One particular enzyme that shows strong potential in breaking down toxic peptides in A-gliadin, the main culprit in celiac reactions, is caricain. A recent paper discusses the scientific principles behind the use of caricain for enzyme therapy. The paper is based on a recent study, in which a team of researchers set out to review the structures of the toxic peptides in A-gliadin for key sequences of amino acids or motifs related to toxicity, especially with respect to digestive difficulties, or immunogenicity.
    The research team included Hugh J. Cornell and Teodor Stelmasiak. They are affiliated with the RMIT University, School of Applied Sciences, Melbourne, Australia, and with Glutagen Pty Ltd, Maribyrnong, Victoria, Australia.
    For their study, they first evaluated structures of synthetic A-gliadin peptides shown to be toxic in the fetal chick assay, both before and after digestion with duodenal mucosa from patients in long remission.
    They also measured synthetic peptides corresponding to the undigested residues, and compared the key amino acid sequences, to see if they might be related to direct toxicity and immunogenicity of the peptides.
    They found that the smallest toxic peptides from celiac mucosal digestion were octa-peptides, which they found in greater amounts than similar products from normal digestion.
    One of those peptides corresponded to residues 12-19 of A-gliadin and contained the key motifs PSQQ and QQQP of De Ritis et al., while the other corresponded to residues 72-79, and contained the key motif PYPQ (extending to PYPQPQ).
    These key motifs have been noted by other workers, especially those investigating immunological activity over the past two decades. They are present in undigested residues from celiac mucosal digestion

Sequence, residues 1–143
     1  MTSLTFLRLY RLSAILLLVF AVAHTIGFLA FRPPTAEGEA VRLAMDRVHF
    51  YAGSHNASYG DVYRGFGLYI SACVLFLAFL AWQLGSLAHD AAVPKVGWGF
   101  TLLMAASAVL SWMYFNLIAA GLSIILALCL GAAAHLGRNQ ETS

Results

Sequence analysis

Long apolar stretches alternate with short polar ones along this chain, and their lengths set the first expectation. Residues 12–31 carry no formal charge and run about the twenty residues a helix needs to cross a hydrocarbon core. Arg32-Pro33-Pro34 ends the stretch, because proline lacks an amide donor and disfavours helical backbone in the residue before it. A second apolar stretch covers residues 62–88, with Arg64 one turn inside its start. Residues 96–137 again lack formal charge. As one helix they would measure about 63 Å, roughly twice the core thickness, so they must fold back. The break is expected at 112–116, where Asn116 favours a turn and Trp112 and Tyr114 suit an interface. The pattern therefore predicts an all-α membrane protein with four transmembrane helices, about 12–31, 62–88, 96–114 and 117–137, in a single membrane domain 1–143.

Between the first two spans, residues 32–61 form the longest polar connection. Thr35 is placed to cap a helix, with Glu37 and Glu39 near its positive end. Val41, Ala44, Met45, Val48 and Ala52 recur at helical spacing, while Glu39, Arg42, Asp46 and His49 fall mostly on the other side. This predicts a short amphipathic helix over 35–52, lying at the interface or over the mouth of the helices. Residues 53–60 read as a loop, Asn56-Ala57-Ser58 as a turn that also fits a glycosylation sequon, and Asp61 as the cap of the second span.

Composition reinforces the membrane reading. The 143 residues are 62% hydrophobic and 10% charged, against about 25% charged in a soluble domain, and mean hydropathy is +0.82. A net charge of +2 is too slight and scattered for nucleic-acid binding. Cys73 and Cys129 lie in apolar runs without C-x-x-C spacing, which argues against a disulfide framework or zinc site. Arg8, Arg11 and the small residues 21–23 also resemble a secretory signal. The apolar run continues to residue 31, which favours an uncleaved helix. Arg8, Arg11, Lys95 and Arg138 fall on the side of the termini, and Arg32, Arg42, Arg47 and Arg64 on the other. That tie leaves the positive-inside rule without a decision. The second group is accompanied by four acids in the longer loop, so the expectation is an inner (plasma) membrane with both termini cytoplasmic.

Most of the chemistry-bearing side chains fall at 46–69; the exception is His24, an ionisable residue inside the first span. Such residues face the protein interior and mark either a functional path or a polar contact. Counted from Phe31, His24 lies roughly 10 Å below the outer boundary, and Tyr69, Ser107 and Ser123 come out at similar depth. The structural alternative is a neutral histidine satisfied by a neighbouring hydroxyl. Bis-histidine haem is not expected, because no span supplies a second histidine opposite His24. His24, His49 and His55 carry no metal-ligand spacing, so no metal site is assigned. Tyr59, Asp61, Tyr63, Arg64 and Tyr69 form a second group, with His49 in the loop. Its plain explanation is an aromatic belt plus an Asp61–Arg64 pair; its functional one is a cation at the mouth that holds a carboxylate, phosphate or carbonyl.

These motifs, along with the greater prevalence of these residues, as compared with residues from normal digestion, supports the basic notions underpinning enzyme therapy for celiac disease.
    This study also supports the basic scientific merits of research and development of the enzyme caricain to break down gliadin peptides with two different types of toxicity, and thus to potentially benefit people with celiac disease.
    Source:
    International Journal of Celiac Disease. Vol. 4, No. 4, 2016, pp 113-120. doi: 10.12691/ijcd-4-4-2 Previous study: NCBI

    Betty Wedman-St Louis, PhD, RD
    Cannabis and Gluten
    Celiac.com 04/13/2018 - Is cannabis gluten-free? That is a frequent question I receive now that over 50%  of the United States has approved medical cannabis and some states have also included recreational cannabis. Let's begin be describing cannabis as an oral medicine that has been used since the Chinese treatise on pharmacology described Emperor Shen Nung in 2737 BCE using it. 
    In 1850 cannabis was listed in the U.S. Pharmacopoeia as a cure for many ailments. By the early 1900's Squibb Company, Eli Lilly and Park-Davis were manufacturing drugs produced from marijuana for use as antispasmodics, sedatives, and analgesics (pain medication).